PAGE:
Unable to get the FreeRtosconfig.h and portmacro.h in the FreeRtos folder

In the latest FreeRTOS V2021112.00, I am not getting the freertosconfig.h and portmacro.h

Hi @sourmyaims,

Could you be more specific as to where you cannot find these files?

If you are using WinSim and running the FreeRTOS-Plus demos, we’ve migrated the FreeRTOSConfig.h to here FreeRTOS/FreeRTOS-Plus/VisualStudio_StaticProjects/FreeRTOS-Kernel at main · FreeRTOS/FreeRTOS · GitHub. This is a result of the change to build demos using Visual Studio static projects - a consequence of this is that all Visual Studio demos that include the FreeRTOS-Kernel static project use the same FreeRTOSConfig.h.

The portmacro.h files exist within the FreeRTOS-Kernel under the portable folder and corresponding architecture folder (see FreeRTOS-Kernel/portmacro.h at main · FreeRTOS/FreeRTOS-Kernel · GitHub for an example), and the FreeRTOS-Kernel is submoduled into FreeRTOS at FreeRTOS/Source (see FreeRTOS/FreeRTOS at main · FreeRTOS/FreeRTOS · GitHub).

For your information, there have been other problems encountered with the V202211.00 release and it has been rolled back for the time being, but please do let me know what you are trying to do that cannot find these files.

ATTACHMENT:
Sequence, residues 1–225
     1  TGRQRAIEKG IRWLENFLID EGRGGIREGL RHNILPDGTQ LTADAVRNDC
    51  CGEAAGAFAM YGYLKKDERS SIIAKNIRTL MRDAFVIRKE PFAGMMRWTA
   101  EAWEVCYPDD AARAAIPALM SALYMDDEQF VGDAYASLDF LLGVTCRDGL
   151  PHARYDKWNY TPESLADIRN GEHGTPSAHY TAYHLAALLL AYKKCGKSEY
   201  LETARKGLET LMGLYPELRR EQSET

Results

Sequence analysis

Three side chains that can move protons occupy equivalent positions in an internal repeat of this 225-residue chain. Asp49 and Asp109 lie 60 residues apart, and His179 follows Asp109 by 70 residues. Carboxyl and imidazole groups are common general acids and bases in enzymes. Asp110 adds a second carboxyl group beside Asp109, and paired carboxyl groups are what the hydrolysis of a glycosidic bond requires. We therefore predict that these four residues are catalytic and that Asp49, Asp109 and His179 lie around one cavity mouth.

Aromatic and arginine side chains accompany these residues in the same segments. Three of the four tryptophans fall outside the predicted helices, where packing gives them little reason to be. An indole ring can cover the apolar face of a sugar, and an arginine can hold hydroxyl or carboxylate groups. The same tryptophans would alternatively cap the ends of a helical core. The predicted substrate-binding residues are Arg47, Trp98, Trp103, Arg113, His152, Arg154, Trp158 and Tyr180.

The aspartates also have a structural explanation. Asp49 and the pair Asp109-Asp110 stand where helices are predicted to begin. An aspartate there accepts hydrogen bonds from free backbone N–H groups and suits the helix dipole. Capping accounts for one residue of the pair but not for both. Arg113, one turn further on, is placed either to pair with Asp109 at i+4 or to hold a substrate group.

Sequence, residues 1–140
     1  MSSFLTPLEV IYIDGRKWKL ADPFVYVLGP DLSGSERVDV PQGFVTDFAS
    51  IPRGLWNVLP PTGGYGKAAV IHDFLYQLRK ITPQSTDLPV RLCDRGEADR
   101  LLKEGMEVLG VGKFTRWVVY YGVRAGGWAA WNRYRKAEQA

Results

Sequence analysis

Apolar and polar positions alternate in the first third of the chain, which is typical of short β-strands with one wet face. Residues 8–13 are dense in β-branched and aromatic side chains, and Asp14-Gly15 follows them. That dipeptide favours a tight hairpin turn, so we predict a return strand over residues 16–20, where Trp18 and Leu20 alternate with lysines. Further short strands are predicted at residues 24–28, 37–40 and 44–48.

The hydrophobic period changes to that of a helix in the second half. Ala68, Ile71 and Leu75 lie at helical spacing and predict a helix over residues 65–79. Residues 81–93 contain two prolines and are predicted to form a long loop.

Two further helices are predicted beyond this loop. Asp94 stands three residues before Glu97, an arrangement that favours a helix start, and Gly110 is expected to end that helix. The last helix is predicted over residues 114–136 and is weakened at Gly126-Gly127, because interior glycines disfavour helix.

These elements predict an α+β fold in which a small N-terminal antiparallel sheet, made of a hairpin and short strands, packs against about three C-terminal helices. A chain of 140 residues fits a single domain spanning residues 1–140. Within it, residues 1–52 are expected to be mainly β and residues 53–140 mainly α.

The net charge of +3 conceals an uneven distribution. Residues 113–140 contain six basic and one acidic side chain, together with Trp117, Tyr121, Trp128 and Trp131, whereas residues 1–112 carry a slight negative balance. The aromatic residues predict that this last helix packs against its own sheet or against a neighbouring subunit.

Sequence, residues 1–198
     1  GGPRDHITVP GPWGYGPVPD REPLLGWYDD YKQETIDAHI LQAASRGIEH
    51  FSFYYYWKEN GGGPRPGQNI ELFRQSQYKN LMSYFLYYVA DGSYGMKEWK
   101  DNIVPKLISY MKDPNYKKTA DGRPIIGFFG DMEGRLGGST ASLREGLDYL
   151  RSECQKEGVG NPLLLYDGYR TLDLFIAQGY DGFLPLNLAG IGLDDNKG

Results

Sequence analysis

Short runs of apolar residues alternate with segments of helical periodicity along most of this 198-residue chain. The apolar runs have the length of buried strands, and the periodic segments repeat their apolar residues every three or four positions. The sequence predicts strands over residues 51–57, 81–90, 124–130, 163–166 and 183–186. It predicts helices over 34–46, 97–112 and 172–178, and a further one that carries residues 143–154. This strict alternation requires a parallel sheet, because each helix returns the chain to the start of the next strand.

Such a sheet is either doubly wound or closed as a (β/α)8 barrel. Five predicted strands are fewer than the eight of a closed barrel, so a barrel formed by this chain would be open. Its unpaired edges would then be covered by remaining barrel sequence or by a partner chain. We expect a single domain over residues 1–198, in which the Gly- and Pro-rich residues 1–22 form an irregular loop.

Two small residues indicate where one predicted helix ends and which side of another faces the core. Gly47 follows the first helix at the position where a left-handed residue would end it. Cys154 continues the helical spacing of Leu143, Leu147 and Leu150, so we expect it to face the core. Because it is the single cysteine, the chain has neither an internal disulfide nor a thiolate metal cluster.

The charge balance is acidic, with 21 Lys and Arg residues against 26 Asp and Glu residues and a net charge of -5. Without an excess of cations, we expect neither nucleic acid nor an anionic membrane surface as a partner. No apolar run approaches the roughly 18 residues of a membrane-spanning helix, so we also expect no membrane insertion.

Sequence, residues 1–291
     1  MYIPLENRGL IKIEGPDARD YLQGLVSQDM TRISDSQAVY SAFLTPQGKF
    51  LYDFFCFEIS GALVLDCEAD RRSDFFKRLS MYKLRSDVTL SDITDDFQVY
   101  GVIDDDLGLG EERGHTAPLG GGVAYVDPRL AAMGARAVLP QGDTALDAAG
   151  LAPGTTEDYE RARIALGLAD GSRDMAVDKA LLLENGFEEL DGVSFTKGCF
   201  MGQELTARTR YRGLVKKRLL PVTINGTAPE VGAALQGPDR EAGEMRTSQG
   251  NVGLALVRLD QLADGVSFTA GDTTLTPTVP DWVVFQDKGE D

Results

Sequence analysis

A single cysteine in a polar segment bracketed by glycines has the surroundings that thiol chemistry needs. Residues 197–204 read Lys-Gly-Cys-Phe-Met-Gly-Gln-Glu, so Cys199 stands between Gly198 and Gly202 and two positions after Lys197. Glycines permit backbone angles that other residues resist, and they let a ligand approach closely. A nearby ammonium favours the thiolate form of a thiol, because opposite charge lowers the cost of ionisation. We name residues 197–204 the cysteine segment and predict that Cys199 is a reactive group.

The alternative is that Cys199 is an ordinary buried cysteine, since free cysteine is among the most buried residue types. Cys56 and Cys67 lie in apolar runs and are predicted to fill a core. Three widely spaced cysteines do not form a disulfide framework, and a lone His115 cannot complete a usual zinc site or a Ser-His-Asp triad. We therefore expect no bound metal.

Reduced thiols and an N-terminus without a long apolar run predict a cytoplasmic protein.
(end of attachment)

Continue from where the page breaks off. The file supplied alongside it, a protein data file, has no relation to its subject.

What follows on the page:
Hi Jason,

Thank you so much for the response. The link that you shared for FreertosConfig.h and portmacro.h worked for me in the kernel version V10.4.6. Now I can able to create the freertos library.I created the library. I need one demo application to run on Microsoft Visual studio 19 to use the library.



Hi Jason,

I am using visual studio 19. While building our application, I am facing linker issue related to port apis which should be in port.c file. But there are lot of variants of port.c . I need the generic file of port .c or please let me know the port.c for x86_64 Visual studio windows  architecture in kernel 10.4.6 version.



The pages that describes the directory strucutre, how to create a new project, and the free to download book, will point you at the correct file - but why not use one of the existing Win32 projects as a starting point or reference?